One reason for this requirement is that I often hold paperbacks with one hand while eating, and I often carry paperbacks in my purse. The smaller, the better. Size does in fact matter.

Second, I look at the cover art. Yes, I do judge a book by its cover. We all do, don’t look at me like that. There are some really amazing covers out there. There some real clunkers too. If a picture is worth a thousand words, then I want to see a picture that is worthy of the words I am considering reading.

Deal-breakers? The cover has a picture of a muscle-bound man with a sword or a gun. Especially if he has a nearly-naked woman by his side. If the woman has a sword too, I reconsider. I am tired of books where the woman has to be rescued. Then there are covers with lots of spaceships and antennae. I’ve found I like books that are set on other planets with other cultures, but I’m not so interested in books that are set on a spaceship. Somehow I get claustrophobic reading those.

Camp is not my thing, so covers that look excessively silly won’t do.

This “druid” looks like he has been mainlining steroids.
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Now, if the cover art is really good I’ll consider buying it just for the cover, but the cost is then an important factor.

Third – the price has to be right. Under $2 is good. $0.75 or less is ideal. Because of this, I don’t look at well-known authors. Because of this I’ve found some amazing “new” authors. They aren’t new at all. They are probably dead, because most of the books I’m reading are 30 years old or more. But there are probably other books by that author to find the next time I go.

If the price is over $2, there had better be other factors that change the balance. It doesn’t mean it is out, but it does mean there had better be other points in the book’s favor. Now, $4 or more is right out.

Fourth – I flip to the back and read the blurb. Is it interesting? (plus) Is there excessive capitalization? (minus)

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Are there long silly names? (minus)
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Fifth, I open it. If the print is tiny then everything ends right there, even if everything else passed. I am getting older, and tiny print is a real pain. I love my Kindle in part because I can make the print as big as I need, but that doesn’t factor into used book selection. Plenty of these books will never make it to Kindle. Even if they did, they’d cost too much. I love the Kindle, but you can’t trade in used Kindle books like you can real books.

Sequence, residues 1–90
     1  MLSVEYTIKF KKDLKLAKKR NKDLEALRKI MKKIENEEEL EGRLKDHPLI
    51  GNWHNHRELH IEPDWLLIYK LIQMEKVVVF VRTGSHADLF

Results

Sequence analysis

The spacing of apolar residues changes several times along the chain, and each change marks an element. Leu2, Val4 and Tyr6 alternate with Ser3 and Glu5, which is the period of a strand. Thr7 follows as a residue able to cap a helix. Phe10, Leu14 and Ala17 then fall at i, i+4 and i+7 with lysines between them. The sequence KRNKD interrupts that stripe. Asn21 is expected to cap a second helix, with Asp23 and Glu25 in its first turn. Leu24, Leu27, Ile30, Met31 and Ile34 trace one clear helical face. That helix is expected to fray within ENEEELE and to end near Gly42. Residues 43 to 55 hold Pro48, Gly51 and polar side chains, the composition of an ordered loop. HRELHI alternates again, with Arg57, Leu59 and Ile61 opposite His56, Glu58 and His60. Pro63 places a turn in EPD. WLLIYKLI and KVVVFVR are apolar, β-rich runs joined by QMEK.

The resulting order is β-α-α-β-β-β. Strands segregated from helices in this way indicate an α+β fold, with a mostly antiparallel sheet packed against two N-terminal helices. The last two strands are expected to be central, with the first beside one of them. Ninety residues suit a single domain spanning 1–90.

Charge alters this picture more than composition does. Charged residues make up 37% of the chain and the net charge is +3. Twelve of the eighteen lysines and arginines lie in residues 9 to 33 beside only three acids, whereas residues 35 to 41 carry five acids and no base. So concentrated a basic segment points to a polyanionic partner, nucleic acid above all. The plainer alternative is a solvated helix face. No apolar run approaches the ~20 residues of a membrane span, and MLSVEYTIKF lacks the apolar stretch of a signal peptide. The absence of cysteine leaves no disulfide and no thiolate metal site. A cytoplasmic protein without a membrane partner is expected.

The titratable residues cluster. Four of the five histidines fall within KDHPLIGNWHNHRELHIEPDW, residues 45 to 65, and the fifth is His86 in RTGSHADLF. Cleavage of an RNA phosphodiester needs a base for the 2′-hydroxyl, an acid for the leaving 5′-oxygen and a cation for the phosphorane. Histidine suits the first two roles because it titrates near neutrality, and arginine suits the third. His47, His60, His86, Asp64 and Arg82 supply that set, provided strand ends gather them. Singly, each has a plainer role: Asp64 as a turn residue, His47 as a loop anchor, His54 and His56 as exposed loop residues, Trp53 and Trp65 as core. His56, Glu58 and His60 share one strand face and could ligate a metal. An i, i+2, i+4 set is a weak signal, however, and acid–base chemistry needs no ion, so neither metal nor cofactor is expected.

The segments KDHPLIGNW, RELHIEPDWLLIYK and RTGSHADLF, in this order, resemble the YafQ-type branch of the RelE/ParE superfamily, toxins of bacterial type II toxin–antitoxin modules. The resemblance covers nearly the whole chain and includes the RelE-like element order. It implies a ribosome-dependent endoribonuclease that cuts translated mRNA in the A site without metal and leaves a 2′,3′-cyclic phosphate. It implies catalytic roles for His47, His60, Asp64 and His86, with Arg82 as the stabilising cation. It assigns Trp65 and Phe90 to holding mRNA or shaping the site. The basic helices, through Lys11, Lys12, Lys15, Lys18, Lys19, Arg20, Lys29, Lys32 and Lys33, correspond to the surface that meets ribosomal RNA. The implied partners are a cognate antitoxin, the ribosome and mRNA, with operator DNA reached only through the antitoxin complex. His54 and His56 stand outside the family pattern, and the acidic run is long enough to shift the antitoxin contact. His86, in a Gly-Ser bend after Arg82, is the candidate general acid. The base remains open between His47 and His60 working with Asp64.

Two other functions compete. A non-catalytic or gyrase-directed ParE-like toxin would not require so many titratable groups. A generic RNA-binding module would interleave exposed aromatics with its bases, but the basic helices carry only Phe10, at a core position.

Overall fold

I’ll flip to a random section and try it out. How does it read? Are there lots of unintelligible words? (minus) Does it seem plausible yet surprising? (plus) I’ll flip to several sections to check it out at this point. This part takes the longest, which is reasonable. I’m going to spend the longest amount of time reading it, so it had better be worth my time.

Sixth- How does the book smell? And I don’t mean that old-book smell. That is a plus. I mean does the book smell like pee – human or pet? Does it smell like cigarette smoke? Does it smell of some cloyingly elaborate perfume that some ladies wear to cover up the other two smells?

Those are definite deal-breakers. I have no desire to spend hours really close to a book that smells.

Here are some covers of books I’ve enjoyed recently using this technique. I hope it inspires you to find new authors. Happy hunting!
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Here’s a collection of some I found using this method for the first time. It was on a road trip.